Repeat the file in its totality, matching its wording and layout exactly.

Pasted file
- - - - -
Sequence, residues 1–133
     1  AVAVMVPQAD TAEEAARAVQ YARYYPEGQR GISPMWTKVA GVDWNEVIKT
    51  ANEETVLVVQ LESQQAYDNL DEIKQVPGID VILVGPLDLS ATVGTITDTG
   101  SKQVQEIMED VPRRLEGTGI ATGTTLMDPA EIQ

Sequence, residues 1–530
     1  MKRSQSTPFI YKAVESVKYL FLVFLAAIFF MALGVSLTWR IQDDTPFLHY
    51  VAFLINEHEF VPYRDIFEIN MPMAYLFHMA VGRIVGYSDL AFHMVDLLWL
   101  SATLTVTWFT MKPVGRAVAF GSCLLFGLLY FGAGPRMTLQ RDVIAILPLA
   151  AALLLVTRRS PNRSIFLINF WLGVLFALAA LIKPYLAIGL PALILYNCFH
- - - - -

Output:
Sequence, residues 1–133
     1  AVAVMVPQAD TAEEAARAVQ YARYYPEGQR GISPMWTKVA GVDWNEVIKT
    51  ANEETVLVVQ LESQQAYDNL DEIKQVPGID VILVGPLDLS ATVGTITDTG
   101  SKQVQEIMED VPRRLEGTGI ATGTTLMDPA EIQ

Sequence, residues 1–530
     1  MKRSQSTPFI YKAVESVKYL FLVFLAAIFF MALGVSLTWR IQDDTPFLHY
    51  VAFLINEHEF VPYRDIFEIN MPMAYLFHMA VGRIVGYSDL AFHMVDLLWL
   101  SATLTVTWFT MKPVGRAVAF GSCLLFGLLY FGAGPRMTLQ RDVIAILPLA
   151  AALLLVTRRS PNRSIFLINF WLGVLFALAA LIKPYLAIGL PALILYNCFH